13.  Identification of pain-related psychological risk factors for the development and maintenance of pediatric chronic postsurgical pain 
Journal of Pain Research  2013;6:167-180.
The goals of this study were to examine the trajectory of pediatric chronic postsurgical pain (CPSP) over the first year after surgery and to identify acute postsurgical predictors of CPSP.
Eighty-three children aged 8–18 years (mean 13.8, standard deviation 2.4) who underwent major orthopedic or general surgery completed pain and pain-related psychological measures at 48–72 hours, 2 weeks (pain anxiety and pain measures only), and 6 and 12 months after surgery.
Results showed that 1 year after surgery, 22% of children developed moderate to severe CPSP with minimal functional disability. Children who reported a Numeric Rating Scale pain-intensity score ≥ 3 out of 10 two weeks after discharge were more than three times as likely to develop moderate/severe CPSP at 6 months and more than twice as likely to develop moderate/severe CPSP at 12 months than those who reported a Numeric Rating Scale pain score < 3 (6-month relative risk 3.3, 95% confidence interval 1.2–9.0 and 12-month relative risk 2.5, 95% confidence interval 0.9–7.5). Pain unpleasantness predicted the transition from acute to moderate/severe CPSP, whereas anxiety sensitivity predicted the maintenance of moderate/severe CPSP from 6 to 12 months after surgery.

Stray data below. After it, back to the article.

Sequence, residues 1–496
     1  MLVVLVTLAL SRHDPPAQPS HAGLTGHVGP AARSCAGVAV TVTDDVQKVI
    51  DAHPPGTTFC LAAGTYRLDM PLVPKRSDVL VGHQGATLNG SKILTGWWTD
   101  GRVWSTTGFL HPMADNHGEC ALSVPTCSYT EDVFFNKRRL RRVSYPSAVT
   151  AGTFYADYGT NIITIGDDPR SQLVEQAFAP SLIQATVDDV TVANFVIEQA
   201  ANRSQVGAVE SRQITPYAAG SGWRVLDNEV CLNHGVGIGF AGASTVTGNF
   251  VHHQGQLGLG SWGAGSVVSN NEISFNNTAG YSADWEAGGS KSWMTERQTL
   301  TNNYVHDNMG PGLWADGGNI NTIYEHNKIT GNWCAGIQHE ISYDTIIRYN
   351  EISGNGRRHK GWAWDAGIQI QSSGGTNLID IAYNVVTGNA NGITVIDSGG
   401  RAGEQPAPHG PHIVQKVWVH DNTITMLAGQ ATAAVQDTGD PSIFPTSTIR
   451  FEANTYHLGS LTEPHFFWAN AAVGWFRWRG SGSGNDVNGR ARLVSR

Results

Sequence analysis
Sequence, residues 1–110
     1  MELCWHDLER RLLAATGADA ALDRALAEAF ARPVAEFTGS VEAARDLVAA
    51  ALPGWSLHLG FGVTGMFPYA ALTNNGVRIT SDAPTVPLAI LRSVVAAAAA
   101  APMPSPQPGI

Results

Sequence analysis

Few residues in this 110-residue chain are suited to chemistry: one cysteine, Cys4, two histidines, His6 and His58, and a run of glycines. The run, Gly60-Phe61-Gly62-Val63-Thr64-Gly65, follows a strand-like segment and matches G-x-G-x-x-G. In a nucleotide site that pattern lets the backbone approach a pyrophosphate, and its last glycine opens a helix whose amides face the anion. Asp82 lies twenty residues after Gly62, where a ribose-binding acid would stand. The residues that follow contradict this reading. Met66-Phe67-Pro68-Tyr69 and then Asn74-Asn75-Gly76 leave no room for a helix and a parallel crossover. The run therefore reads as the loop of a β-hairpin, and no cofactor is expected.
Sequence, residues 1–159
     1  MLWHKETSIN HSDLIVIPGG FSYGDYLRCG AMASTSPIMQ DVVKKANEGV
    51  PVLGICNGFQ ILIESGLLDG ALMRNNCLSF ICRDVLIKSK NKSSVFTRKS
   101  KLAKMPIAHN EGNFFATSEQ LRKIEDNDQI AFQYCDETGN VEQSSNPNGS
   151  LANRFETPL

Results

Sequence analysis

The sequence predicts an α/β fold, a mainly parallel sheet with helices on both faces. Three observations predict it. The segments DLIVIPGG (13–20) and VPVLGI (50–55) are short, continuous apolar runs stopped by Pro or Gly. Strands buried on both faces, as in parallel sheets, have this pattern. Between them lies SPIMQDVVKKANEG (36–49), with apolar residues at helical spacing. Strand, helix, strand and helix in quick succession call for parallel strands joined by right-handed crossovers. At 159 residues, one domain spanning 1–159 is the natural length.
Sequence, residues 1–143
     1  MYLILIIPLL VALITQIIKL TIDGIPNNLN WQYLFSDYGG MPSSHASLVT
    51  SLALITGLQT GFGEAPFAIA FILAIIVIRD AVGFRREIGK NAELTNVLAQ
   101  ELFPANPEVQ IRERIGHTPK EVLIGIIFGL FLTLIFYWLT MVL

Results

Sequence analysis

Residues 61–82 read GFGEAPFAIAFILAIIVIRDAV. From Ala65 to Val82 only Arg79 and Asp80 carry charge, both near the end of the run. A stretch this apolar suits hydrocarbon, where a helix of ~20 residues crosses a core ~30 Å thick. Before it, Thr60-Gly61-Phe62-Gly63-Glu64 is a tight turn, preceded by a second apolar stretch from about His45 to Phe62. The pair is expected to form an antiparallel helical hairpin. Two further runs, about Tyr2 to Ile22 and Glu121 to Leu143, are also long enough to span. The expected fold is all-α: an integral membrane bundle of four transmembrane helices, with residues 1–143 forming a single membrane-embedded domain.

This study highlights the prevalence of pediatric CPSP and the role played by psychological variables in its development/maintenance. Risk factors that are associated with the development of CPSP are different from those that maintain it.
PMCID: PMC3594915  PMID: 23503375
chronic postsurgical pain; children; adolescents; anxiety sensitivity
14.  Pain-related psychological correlates of pediatric acute post-surgical pain 
Journal of Pain Research  2012;5:547-558.
Post-surgical pain is prevalent in children, yet is significantly understudied. The goals of this study were to examine gender differences in pain outcomes and pain-related psychological constructs postoperatively and to identify pain-related psychological correlates of acute post-surgical pain (APSP) and predictors of functional disability 2 weeks after hospital discharge.